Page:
He has yet to concede, but it seems certain that Trutanich will not be the next L.A. County district attorney. Though he out-raised and outspent his opponents 2.5-to-1, the voters apparently decided he already has more power than he can handle. At the moment, it looks like he'll face a tough fight even to win re-election as L.A. city attorney.
With a disaster of that magnitude, there is bound to be collateral damage. John Shallman, his campaign consultant, will endure a fair amount criticism. But aside from him, here are five more people who put their chips on Nuch, and lost big.
Back in March, prosecutor Mario Trujillo looked like Trutanich's most formidable opponent. He had raised more than $400,000, putting him second only to Trutanich in fundraising. He had a top-flight consultant, and as the only Latino in the race, he had a solid base of support.
Then, for reasons that have yet to be fully explained, he dropped out of the campaign just before the filing deadline and endorsed Trutanich. He cited a health scare, but the real reasons seem to be a bit more obscure than that. In any case, had Trutanich won, he would have been well positioned to take any job he wanted in the D.A.'s office.
Now, he's persona non grata. Whether Jackie Lacey or Alan Jackson wins the runoff in November, Trujillo's support for Trutanich won't be soon forgotten. Worse yet, had Trujillo stayed in the race, he could well have made the runoff, and would have stood a decent chance of winning it all in November as the "liberal alternative" to Lacey or Jackson. Epic misplay.
Maria Elena Durazo, leader of the L.A. County Federation of Labor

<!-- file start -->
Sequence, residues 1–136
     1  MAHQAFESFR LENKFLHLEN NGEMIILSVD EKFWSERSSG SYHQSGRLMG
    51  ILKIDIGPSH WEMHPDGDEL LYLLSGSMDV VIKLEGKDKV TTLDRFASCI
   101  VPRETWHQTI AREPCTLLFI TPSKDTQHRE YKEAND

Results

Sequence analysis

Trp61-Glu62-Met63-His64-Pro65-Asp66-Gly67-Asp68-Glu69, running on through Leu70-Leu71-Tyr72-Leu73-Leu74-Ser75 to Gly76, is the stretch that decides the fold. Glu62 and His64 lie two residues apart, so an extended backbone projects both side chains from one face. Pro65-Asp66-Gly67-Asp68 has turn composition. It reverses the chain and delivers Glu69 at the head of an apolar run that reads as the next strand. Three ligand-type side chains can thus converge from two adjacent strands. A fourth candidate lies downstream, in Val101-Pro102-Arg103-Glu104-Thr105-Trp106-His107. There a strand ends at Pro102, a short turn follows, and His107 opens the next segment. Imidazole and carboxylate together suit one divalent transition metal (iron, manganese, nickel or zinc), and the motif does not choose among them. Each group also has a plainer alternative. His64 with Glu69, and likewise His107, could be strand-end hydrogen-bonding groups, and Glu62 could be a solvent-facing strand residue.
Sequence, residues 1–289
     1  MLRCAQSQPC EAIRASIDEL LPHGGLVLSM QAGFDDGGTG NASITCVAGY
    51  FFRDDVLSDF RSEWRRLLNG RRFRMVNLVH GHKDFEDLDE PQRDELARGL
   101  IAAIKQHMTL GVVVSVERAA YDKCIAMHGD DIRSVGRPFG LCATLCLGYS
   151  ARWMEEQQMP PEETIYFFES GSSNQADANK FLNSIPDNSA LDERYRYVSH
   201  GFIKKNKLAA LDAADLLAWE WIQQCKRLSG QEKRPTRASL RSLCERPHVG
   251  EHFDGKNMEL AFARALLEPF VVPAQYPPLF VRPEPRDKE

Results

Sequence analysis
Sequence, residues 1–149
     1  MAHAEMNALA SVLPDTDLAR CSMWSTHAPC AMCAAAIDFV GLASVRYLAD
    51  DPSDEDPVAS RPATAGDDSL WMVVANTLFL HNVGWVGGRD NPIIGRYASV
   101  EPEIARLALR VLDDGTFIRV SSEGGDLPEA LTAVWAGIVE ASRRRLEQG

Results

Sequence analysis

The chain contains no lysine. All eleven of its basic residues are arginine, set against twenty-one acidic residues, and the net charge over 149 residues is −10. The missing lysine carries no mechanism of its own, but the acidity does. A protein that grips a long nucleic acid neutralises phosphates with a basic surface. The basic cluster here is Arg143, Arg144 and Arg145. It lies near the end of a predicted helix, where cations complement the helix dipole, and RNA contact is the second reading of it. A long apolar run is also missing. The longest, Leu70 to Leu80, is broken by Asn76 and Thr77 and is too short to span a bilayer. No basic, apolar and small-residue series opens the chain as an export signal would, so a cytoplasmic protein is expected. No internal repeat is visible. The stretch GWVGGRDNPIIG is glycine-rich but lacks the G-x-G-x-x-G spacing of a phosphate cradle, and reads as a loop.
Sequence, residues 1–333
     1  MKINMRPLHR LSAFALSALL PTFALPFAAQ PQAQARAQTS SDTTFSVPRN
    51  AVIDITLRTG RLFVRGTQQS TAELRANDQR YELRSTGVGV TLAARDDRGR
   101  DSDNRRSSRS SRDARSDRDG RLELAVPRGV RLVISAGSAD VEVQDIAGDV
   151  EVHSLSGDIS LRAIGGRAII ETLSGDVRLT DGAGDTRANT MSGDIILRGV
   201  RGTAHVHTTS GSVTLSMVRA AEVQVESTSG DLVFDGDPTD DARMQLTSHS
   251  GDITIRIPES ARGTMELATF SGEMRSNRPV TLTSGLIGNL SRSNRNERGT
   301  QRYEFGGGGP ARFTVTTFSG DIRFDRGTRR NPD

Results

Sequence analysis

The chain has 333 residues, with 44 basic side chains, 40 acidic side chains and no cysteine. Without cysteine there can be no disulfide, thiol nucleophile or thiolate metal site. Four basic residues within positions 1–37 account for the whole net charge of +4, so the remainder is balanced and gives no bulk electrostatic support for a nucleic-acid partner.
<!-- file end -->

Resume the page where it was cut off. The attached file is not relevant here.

As a private attorney, Trutanich helped a trash hauling company fight off the Teamsters in a unionization campaign. Trutanich accused the union of trying to "strong arm" the company's employees. As city attorney, he alienated the City Attorneys Association and threatened to jail protesters who blocked the streets in Westwood in support of the DREAM Act.
Not exactly the second coming of Cesar Chavez. And yet, in February, the L.A. County Federation of Labor endorsed Trutanich. The Fed didn't wait for the Association of Deputy District Attorneys, one of its member unions, to weigh in on the choice. (When the ADDA did endorse, they went with Danette Meyers.)
Whatever the Fed's reasons, they had little to do with Trutanich's record on labor issues. More likely, they backed him because he's a powerful figure at L.A. City Hall and they want him in their corner. (Radio hosts John & Ken also alleged repeatedly that the Fed endorsed Trutanich because of his recent support for drivers licenses for illegal immigrants, and his support of amending the LAPD's impound policy in favor of unlicensed drivers.)
The Fed never put resources into the race, so this wasn't a true test of its election clout. Nevertheless, every time the Fed backs a loser, it becomes just a little less intimidating.
When D.A. Steve Cooley abandoned Trutanich in late 2010, Sheriff Lee Baca stood by his side. Baca helped him raise money, and vouched for him in Trutanich's campaign video. (Baca was later edited out, after it was reported that he had illegally endorsed a political candidate while wearing his uniform.)